"A Whiter Shade of Pale" is the debut song by the British band Procol Harum, released 12 May 1967. The single reached number one in the UK Singles Chart on 8 June 1967, and stayed there for six weeks. (Without much promotion, it reached #5 on the US charts, as well.)
With its haunting Bach-flavored instrumental melody, soulful vocals, and unusual lyrics—by the song's co-authors Matthew Fisher, Gary Brooker, and Keith Reid respectively--"A Whiter Shade of Pale" reached #1 in several countries when released in 1967. In the years since, it has become an enduring classic. It was the most played song in the last 75 years in public places in the UK (as of 2009), and the United Kingdom performing rights group Phonographic Performance Limited in 2004 recognized it as the most-played record by British broadcasting of the past 70 years. Also in 2004, Rolling Stone placed "A Whiter Shade of Pale" #57 on its list of the 500 Greatest Songs of All Time.
The original writing credits were for Brooker and Reid only. On 30 July 2009, Matthew Fisher won co-writing credit for the music in a unanimous ruling from the Law Lords of the House of Lords.
The song was performed and recorded at Olympic Studios, with Gary Brooker providing the vocals and piano, Matthew Fisher on a Hammond M-102 organ, David Knights on bass, and Ray Royer on guitar. Drums were provided by session drummer Bill Eyden. A few days later, the song was re-recorded with the band's then newly-recruited drummer Bobby Harrison. That version, though, was considered inferior, and one of the original mono recordings was chosen for release.
Producer for the record was Denny Cordell and Keith Grant was the sound engineer.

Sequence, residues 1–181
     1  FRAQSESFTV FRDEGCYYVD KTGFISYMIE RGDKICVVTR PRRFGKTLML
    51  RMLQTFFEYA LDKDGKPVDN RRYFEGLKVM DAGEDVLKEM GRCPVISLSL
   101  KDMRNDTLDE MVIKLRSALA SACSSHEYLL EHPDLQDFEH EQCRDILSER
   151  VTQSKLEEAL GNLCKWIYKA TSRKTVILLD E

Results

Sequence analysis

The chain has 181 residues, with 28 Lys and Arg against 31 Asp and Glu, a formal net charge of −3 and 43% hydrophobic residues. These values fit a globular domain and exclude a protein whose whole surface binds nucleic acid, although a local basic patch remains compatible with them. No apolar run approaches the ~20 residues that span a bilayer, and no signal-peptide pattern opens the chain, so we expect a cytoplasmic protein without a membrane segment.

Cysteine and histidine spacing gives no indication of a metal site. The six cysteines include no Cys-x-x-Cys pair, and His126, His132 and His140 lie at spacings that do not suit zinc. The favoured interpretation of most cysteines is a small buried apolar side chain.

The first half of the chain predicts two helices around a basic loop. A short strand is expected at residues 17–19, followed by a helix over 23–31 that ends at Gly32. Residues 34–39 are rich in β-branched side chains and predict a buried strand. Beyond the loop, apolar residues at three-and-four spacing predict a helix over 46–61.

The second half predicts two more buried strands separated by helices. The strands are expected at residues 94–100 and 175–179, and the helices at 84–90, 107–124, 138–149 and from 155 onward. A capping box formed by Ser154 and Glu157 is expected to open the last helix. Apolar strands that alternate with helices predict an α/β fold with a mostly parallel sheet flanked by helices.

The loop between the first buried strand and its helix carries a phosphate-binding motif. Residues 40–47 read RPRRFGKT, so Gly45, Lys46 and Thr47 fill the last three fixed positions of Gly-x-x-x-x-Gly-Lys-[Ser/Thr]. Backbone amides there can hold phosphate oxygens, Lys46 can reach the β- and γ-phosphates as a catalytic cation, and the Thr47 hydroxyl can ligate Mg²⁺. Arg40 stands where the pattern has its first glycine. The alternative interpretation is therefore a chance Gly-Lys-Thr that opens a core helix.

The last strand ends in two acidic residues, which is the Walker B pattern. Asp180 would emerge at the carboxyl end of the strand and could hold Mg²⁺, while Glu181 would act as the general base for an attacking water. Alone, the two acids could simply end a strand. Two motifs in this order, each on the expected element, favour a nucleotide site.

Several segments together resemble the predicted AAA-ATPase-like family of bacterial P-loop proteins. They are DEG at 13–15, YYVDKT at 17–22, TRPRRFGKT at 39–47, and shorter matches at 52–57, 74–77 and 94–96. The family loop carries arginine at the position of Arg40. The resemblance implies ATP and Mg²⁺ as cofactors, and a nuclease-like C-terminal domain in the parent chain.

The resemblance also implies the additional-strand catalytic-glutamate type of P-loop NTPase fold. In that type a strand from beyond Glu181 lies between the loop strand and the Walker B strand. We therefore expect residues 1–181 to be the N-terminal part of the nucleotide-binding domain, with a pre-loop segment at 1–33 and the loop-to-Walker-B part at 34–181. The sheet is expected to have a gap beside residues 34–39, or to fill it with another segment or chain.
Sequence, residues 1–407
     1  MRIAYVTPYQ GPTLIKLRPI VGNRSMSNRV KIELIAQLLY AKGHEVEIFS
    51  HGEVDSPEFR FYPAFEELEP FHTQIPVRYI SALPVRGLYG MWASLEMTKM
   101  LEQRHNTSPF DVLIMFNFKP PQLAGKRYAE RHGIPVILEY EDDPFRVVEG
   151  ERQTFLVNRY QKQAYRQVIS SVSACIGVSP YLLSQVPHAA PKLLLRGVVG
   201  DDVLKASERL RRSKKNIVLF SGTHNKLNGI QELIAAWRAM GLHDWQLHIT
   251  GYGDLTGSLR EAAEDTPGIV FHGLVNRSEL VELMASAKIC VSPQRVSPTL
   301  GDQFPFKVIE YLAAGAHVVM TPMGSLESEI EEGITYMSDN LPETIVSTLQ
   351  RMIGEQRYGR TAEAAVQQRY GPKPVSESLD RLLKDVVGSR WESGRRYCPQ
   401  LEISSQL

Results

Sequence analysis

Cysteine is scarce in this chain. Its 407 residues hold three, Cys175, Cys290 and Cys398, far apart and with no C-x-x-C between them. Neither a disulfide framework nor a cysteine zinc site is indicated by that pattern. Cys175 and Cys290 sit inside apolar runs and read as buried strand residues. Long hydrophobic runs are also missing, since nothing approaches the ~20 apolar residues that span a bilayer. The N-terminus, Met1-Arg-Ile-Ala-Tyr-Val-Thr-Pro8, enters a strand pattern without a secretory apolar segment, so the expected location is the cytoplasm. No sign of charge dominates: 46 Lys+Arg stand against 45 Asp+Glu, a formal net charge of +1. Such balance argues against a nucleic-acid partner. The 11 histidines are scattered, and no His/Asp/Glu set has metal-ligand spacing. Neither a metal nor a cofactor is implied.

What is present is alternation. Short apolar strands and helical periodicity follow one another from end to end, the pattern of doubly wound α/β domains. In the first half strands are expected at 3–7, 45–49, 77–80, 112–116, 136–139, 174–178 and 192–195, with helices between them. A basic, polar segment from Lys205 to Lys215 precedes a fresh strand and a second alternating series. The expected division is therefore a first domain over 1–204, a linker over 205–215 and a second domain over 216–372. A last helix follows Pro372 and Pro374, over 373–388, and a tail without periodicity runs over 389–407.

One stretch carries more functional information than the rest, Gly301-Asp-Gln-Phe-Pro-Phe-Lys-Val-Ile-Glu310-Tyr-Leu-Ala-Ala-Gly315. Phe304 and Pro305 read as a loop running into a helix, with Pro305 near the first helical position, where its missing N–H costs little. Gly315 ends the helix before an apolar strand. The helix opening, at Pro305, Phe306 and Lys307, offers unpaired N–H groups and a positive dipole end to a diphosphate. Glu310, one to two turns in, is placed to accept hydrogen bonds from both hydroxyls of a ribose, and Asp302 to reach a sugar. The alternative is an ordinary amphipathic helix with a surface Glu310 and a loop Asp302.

The song was included on the original U.S. release of the Procol Harum album, but not on the UK version.
Reid told Songfacts that he got the title at a party, which gave him a starting point for the song. He overheard someone at the party saying to a woman, "You've turned a whiter shade of pale," and the phrase stuck in his mind. The original lyrics had four verses, of which only two are heard on the original recording. The third verse has been heard in live performances by Procol Harum, and more seldom also the fourth. The author of Procol Harum: beyond the pale, Claes Johansen, suggests that the song "deals in metaphorical form with a male/female relationship which after some negotiation ends in a sexual act." This is supported by Tim de Lisle in Lives of the Great Songs, who remarks that the lyrics concern a drunken seduction, which is described through references to sex as a form of travel, usually nautical, using mythical and literary journeys. Other observers have also commented that the lyrics concern a sexual relationship.
The phrase a whiter shade of pale has since gained widespread use in the English language, noticed by several dictionaries. As such, the phrase is today often used in contexts independent of any consideration of the song. (See  for many annotated examples complete with links to original sources.) It has also been heavily paraphrased, in forms like an Xer shade of Y--this to the extent that it has been recognized as a snowclone - a type of cliché and phrasal template.
The single was released on 12 May 1967 (UK, Deram Records). It entered the UK charts on 25 May 1967. In two weeks, it had reached number one, where it stayed for six weeks. All in all, it stayed 15 weeks on the UK chart. A May 1972 re-release on Fly Records stayed in the UK charts for a total of 12 weeks, and reached number 13 as highest. In the US, it reached #5 and sold over one million copies.
We skipped the light fandango
turned cartwheels 'cross the floor
I was feeling kinda seasick
but the crowd called out for more
The room was humming harder
as the ceiling flew away
When we called out for another drink
the waiter brought a tray
And so it was that later
as the miller told his tale
that her face, at first just ghostly,
turned a whiter shade of pale
She said, 'There is no reason
and the truth is plain to see.'
But I wandered through my playing cards
and would not let her be
one of sixteen vestal virgins
who were leaving for the coast
and although my eyes were open
they might have just as well've been closed
She said, 'I'm home on shore leave,'
though in truth we were at sea
so I took her by the looking glass
and forced her to agree
saying, 'You must be the mermaid
who took Neptune for a ride.'
But she smiled at me so sadly
that my anger straightway died
If music be the food of love [see note, left, about this verse + its opening]
then laughter is its queen
and likewise if behind is in front
then dirt in truth is clean
My mouth by then like cardboard
seemed to slip straight through my head
So we crash-dived straightway quickly
and attacked the ocean bed